Hiking With Young Dogs and Puppies
Hiking is a great way to bond and exercise with your young German Shepherd Dog. Not only does it satisfy a growing puppy’s desire for physical activity, it also lets him see and smell new things – something every German Shepherd loves. Here are some common questions and concerns to look out for when hiking with your young German Shepherd.
When Can I Take my German Shepherd Puppy Hiking?
Or, how young is too young? Well, that depends largely on your individual dog, and your lifestyle. If you live on a farm and your pup has been traveling long distances since the day he first came home, its likely he’ll be able to handle himself out on the trail. Whereas an apartment-bound dog going hiking for the first time may tire out very quickly and need lots of breaks.
German Shepherd’s don’t reach physical maturity until between 18-24 months old, with certain old lines of Eastern European bred dogs maturing even more slowly – not reaching physical maturity until well over 30 months old. While most German Shepherd pups will be ready for a short hike without much elevation gain by five or six months old, you should use your best judgement and pace yourself. Even if your pup looks like he’s having a great time, it’s very easy for young dogs to overexert themselves, so be prepared to think for them.
Having a small first aid kit with you when you go hiking is always a good idea, especially if this is your dogs first hike. Some common problems on the trail – such as encounters with venomous reptiles, insects, and plants – can quickly turn dangerous if you’re not equipped to deal with them quickly, and safely. Some websites do sell specialty first aid kits for pets and compact kits for people, but it can be just as easy to make your own emergency first aid kit from items you may already have.
An essential hiking first aid kit for dogs should include at least most of the following:
A good pair of high quality, stainless-steel, needle-nose tweezers are an invaluable tool to have on hand when you’re on the trail. They can be used to pull out thorns and stingers buried deep in a dogs fur.
Bandages, Gauze & Veterinary Tape
Not all cuts and bruises your dog may receive on the trail will require immediate medical attention, but for those that do it’s better to come prepared and wonder what could have happened, rather than what did. Consider keeping a couple rolls of VetWrap handy, just in case.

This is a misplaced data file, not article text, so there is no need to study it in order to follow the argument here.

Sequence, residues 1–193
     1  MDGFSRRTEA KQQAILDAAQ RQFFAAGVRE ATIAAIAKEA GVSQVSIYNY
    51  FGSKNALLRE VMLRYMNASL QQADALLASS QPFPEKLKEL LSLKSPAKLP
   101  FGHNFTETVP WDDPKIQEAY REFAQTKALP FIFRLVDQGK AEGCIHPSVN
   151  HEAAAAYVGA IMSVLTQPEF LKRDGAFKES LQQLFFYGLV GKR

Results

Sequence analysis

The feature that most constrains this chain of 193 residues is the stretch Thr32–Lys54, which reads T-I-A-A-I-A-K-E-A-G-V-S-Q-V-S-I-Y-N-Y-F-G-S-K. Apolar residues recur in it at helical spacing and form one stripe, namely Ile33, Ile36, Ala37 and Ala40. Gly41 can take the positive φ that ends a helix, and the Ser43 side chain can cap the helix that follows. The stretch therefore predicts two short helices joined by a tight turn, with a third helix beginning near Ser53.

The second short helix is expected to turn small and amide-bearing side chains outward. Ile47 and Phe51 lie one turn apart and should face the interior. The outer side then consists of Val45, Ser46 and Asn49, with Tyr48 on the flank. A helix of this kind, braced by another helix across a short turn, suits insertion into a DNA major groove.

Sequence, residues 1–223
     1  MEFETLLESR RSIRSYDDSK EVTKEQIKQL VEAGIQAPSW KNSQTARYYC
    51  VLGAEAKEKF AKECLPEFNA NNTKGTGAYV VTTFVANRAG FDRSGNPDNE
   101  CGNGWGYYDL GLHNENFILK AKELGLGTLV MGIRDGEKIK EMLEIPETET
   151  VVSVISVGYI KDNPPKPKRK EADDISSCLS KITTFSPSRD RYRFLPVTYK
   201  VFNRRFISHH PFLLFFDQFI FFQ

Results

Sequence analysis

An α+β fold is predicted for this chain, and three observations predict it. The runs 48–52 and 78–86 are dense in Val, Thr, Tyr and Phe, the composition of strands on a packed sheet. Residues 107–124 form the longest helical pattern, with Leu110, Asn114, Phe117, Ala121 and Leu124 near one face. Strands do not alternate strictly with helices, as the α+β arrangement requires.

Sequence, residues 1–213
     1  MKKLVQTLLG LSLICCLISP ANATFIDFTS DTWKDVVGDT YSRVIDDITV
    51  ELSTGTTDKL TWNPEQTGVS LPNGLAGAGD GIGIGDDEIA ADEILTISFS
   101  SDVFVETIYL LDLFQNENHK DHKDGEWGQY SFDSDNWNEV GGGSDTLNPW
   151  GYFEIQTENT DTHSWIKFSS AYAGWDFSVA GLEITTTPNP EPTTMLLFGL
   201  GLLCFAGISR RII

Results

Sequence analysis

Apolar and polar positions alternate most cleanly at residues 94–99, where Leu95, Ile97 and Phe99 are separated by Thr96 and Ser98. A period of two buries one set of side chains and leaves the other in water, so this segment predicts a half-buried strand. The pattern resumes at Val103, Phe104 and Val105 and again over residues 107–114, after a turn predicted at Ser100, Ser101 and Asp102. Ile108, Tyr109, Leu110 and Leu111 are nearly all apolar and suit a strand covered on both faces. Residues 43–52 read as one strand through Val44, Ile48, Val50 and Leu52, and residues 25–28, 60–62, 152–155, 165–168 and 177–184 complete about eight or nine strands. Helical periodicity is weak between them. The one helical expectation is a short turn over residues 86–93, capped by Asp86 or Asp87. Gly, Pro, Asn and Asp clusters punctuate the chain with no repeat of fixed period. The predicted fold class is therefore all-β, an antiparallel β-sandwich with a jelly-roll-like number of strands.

Carrying medication on the trail with you may or may not be your prerogative, but if you’re in snake country or if your dog is prone to allergies it’s a good idea to at least carry painkillers, and allergy medicine. Further, replacing medicine after it’s expired and knowing the correct dosage for your dog out on the trail will be invaluable.
What type of hiking is best?
Generally speaking, any type of hiking is a great idea when it comes to your German Shepherd. However, the best type of hiking is a hike across easy to moderate terrain with very little elevation gain, in fair or cool weather for an hour or less if your pup is under six months old or has not hiked before. As your pup gets older, you can increase the distance and difficulty of your hikes until you feel confident that your dog can handle himself in any situation.
Hiking in cold weather? Check out some of our Cold Weather Care Tips for German Shepherds!
Food and Water when Hiking
Unless you’re taking a very strenuous hike that lasts for many hours (which you should not be if your German Shepherd is very young) you shouldn’t have to worry about feeding your dog while on the trail. You will want to feed him a high-protein meal as soon as he gets home to feed those sore muscles, though!
You’ll want to bring plenty of water for both of you when you’re on the trail, even if it’s just a short hike. You can bring a dog bowl and give your dog water that way, or train him to drink straight from a water bottle. Or, for the seriously prepared, you can consider getting him a collapsing dish which is lightweight and especially useful if you’re trying to go hiking without carrying a lot of weight.
Make sure you don’t give your dog ice-cold water, and try not to give him too much water if he’s panting heavily. Wait until he catches his breath and offer him small amounts of water slowly until he drinks his fill — this is a simple way to prevent conditions like bloat, and will also prevent your dog from accidentally vomiting, a symptom of drinking too much water too quickly.